It is probably true though. Verstappen and Hamilton are in a league of their own. But if Alonso were driving a Red Bull, Ferrari or Mercedes I think he’d be up there too. It’s a shame he has such an ugly character that no top team wants to be associated with him anymore.

    1. I’m not sure his character has much to do with it @spafrancorchamps. Vettel and Ricciardo have lovely personalities, they’re still off the grid next year. I tend to think Alonso has joined teams for the right reasons and when he’s left they’ve been in the same place for years after. The dynamic of top teams have always focused on one superstar – once Hamilton was set at Mercedes and RB and SF set up junior programmes there was very little way in once you’d been out.

    2. I was someone very critical of Alonso’s behaviour in 2007 – but he would have been fine under Toto.

      It would have been great to have him at Ferrari when they finally got a good care in 2017/18 as he’d have given Hamilton a bigger run for his money.

      Puzling how anyone puts him in a Top 5. He, Lewis and Max are clearly miles above the standard of the rest

    3. “Ugly character,” @spafrancorchamps? Just because he doesn’t mince his words? I’d have him in my team any day. One of the best ever F1 competitors. A pure no-bull racer who doesn’t put frills on it.

  2. Naturally it’s totally subjective but I’d argue Alonso is still top 5 at the very least. Max is supreme, Lewis’ record is incredible although errors are creeping in. Charles is rapid but there are still mistakes and the team need to help better. Charles in Alonso’s Ferrari team for 2012/3 would’ve been a lot closer to the title this year than they were. Lando looks great but still is too jovial for me in the wet. Maybe that’s a team radio perception issue but there’s improvement there for him. Russell, like Lando, needs to prove himself consistently at the highest level.

    Alonso’s issue this year has been his final q run. It’s lost him a few places on weekends where he should be higher. But he’s still capable of Canada quali results. I’d have him fighting Charles for top 3 with a bit of a gap to the next group.

    1. It’s not really about his Q3 performance, because most of the times he is already showing his maximum pace in Q2.

      Let’s take a look at some stats, average improvement between Q2 and Q3, all season, dry sessions only:

      – LEC 0,71% (14 times, median: 0,65%, best: Spain 1,52%, worst: Belgium 0,00%)
      – VER 0,50% (14 times, median: 0,59%, best: Italy 1,18%, worst: Hungary -1,44%)
      – SAI 0,47% (13 times, median: 0,56%, best: Japan 1,20%, worst: Australia -1,20%)
      – PER 0,40% (12 times, median: 0,32%, best: France 0,85%, worst: Bahrain 0,10%)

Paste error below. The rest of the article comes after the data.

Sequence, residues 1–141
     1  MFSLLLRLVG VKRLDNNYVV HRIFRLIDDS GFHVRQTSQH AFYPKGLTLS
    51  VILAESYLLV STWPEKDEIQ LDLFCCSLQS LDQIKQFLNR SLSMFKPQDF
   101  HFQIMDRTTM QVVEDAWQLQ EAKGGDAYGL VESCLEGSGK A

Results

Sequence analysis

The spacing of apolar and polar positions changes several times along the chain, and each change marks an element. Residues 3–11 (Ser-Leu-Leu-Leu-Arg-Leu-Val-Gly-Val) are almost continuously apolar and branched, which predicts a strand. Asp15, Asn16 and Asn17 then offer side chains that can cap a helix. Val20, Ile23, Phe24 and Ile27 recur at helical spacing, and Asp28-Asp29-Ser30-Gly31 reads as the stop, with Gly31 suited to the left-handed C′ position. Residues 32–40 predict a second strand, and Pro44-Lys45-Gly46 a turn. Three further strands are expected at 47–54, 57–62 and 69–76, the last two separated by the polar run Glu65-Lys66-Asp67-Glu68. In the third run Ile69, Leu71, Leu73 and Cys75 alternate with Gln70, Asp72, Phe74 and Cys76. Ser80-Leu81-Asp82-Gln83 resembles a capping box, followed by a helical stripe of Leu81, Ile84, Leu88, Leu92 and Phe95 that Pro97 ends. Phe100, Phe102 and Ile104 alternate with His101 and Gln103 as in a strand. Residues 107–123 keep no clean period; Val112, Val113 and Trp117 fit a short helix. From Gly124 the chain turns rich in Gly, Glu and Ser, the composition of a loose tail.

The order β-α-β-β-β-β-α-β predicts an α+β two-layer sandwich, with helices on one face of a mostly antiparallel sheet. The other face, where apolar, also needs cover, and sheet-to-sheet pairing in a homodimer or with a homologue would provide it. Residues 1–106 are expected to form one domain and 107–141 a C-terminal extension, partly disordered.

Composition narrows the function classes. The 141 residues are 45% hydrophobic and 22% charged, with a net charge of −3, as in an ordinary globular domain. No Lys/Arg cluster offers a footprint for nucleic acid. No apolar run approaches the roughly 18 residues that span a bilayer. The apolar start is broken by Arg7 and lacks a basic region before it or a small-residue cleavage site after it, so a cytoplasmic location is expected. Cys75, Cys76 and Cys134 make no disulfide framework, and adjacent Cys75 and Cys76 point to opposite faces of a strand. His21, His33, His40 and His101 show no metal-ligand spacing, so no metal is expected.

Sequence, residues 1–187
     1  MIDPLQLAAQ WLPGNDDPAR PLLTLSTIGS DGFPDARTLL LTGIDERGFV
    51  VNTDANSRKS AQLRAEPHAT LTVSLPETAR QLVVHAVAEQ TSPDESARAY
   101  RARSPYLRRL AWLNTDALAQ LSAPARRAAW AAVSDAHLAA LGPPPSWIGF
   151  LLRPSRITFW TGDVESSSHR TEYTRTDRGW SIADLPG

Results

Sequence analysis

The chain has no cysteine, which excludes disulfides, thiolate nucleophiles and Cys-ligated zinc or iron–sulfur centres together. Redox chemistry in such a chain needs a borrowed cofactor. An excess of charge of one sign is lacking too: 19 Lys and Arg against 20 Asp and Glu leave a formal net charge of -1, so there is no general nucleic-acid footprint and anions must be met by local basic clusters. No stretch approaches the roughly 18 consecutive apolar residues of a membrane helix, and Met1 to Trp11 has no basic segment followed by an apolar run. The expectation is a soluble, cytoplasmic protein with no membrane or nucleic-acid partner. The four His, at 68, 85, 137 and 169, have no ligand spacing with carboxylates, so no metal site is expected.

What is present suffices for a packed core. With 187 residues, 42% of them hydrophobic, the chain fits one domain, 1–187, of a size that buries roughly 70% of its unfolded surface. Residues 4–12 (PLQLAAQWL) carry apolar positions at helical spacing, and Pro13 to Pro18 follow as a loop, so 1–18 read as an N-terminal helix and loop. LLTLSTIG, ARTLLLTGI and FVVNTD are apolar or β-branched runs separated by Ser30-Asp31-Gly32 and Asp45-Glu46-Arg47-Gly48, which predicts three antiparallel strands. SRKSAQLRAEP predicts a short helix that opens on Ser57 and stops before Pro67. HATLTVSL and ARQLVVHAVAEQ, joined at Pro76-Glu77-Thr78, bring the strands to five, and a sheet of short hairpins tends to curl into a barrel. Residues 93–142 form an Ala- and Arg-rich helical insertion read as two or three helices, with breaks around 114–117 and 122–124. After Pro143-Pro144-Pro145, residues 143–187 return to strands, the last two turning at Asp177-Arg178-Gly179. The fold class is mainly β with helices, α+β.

– BOT 0,33% (5 times, median: 0,31%, best: Spain 0,56%, worst: Bahrain 0,17%)
      – average 0,27%
      – RUS 0,20% (13 times, median: 0,25%, best: Hungary 0,99%, worst: Bahrain -1,06%)
      – HAM 0,20% (12 times, median: 0,21%, best: Netherlands 0,60%, worst: Bahrain -0,21%)
      – OCO 0,16% (7 times, median: 0,25%, best: Saudi Arabia 0,58%, worst: Monaco -0,70%)
      – NOR 0,14% (9 times, median: 0,30%, best: France 0,80%, worst: Japan -0,59%)
      – MSC 0,09% (3 times, median: 0,08%, best: Austria 0,21%, worst: Netherlands -0,03%)
      – VET 0,04% (3 times, median: 0,11%, best: Azerbaijan 0,17%, worst: Monaco -0,16%)
      – ALO 0,04% (9 times, median: 0,09%, best: Monaco 0,61%, worst: Bahrain: -0,63%)
      – RIC -0,05% (4 times, median: -0,05%, best: Australia 0,12%, worst: Hungary -0,23%)
      – MAG -0,06% (4 times, median: -0,01%, best: Spain 0,16%, worst: Bahrain -0,38%)
      – GAS -0,11% (5 times, median: 0,18%, best: Miami 0,49%, worst: Bahrain -0,77%)
      – ALB -0,15% (1 time, Belgium)
      – TSU -0,27% (4 times, median: 0,09%, best: Azerbaijan 0,31%, worst: Netherlands -1,58%)
      – STR -0,76% (1 time, Miami)

      I think we can clearly see similarities between ALO and drivers that have to go full beans to get through into Q3, like Vettel, early season Magnussen, Schumacher and Ricciardo. There is no situation like with top2 teams, who always hides their pace just a little bit more in Q2, same with Mercedes duo + Ocon + Norris (who always manages to find just a bit more in Q3).

      This means ALO doesn’t have problems with Q3 performance, he simply puts everything he has in Q2 – and then cannot have even more in Q3, as he already showed maximum pace available.

      Not to mention he has 4th worse progression between free practises and best qualifying laptime, at 0,87%.

      Data don’t lie, unlike Fernando himself.

      1. @hje Firstly, I’m making the claims not Alonso so I’m not sure calling him a lier benefits anyone here.

        Thank you for your analysis – I understand it backs up the points you make and to an extent I agree. But there must be additional context. From it one could infer Alonso’s best session was Monaco when he was in the wall at Mirabeau, likewise other drivers may have been on a lap prior to the red flag.